DIVERSITY AND ACTIVITY OF CHEMOAUTOTROPHIC BACTERIA IN THE APHOTIC WATERS OF THE SUBTROPICAL NORTH PACIFIC OCEAN
Recent genetic and biogeochemical studies suggest metabolically diverse microbial assemblages inhabiting the meso- and bathypelagic waters of the open ocean. Among the diverse metabolic processes, chemoautotrophy may constitute an important pathway of microbial carbon transformation in the deep sea. In this study, we examined the presence and diversity of microorganisms containing cbbM genes that encode a component of the ribulose-1 5-bisphosphate carboxylase-oxygenase (RuBisCO) enzyme utilized in the Calvin Benson Bassham cycle. Bacterial cbbM genes were PCR amplified, cloned, and sequenced from nucleic acid samples collected at Station ALOHA in the North Pacific Subtropical Gyre. We identified cbbM genes belonging to the both Gammaproteobacteria and Deltaproteobacteria (including members of the SAR324 clade) in the mesopelagic waters at Station ALOHA. To evaluate potential energy sources utilized by these microorganisms, we conducted experiments where we examined how the addition of a reduced sulfur substrate (thiosulfate) influenced rates of autotrophic carbon fixation and diversity of cbbM containing bacteria. Our results shed light on the potential metabolic strategies employed by microbial assemblages in the dark ocean.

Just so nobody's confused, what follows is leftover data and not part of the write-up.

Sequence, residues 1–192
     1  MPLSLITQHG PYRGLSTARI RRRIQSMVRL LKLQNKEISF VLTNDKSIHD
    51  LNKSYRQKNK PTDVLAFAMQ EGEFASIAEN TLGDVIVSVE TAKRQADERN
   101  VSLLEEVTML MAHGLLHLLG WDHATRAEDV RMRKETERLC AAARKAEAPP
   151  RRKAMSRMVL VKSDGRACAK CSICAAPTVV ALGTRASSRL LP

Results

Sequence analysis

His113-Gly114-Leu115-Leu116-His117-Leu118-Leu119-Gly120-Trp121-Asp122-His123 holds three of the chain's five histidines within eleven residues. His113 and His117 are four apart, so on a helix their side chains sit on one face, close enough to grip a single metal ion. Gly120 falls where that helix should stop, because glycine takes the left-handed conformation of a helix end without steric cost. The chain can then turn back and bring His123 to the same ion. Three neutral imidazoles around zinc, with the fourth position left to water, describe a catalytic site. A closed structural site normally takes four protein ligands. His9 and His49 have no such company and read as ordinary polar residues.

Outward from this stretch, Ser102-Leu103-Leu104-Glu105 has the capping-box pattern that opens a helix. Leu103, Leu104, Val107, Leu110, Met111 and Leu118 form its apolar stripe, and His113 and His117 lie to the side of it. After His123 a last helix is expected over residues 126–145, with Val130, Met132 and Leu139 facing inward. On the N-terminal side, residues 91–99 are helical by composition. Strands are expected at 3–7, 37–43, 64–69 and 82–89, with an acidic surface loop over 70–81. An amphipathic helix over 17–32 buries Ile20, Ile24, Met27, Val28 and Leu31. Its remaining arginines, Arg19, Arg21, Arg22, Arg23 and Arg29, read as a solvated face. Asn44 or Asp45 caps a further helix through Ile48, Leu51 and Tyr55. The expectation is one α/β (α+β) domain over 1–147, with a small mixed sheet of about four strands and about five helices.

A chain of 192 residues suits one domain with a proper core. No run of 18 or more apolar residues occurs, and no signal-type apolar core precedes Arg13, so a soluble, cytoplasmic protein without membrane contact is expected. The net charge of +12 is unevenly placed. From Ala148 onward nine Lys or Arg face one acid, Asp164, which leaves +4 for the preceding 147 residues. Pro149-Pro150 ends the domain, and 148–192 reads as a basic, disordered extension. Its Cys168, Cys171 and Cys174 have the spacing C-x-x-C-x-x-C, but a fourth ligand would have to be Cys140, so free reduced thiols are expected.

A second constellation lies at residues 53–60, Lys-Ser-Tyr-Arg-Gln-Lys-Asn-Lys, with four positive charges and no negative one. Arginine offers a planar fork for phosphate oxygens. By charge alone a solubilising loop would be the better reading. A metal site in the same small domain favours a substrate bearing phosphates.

Thomas, S. E., University of Hawaii at Manoa, USA, firstname.lastname@example.org
Church, M. J., University of Hawaii at Manoa, USA, email@example.com
Time: 16:00 - 18:00
Location: Poster/Exhibit Hall
Presentation is given by student: Yes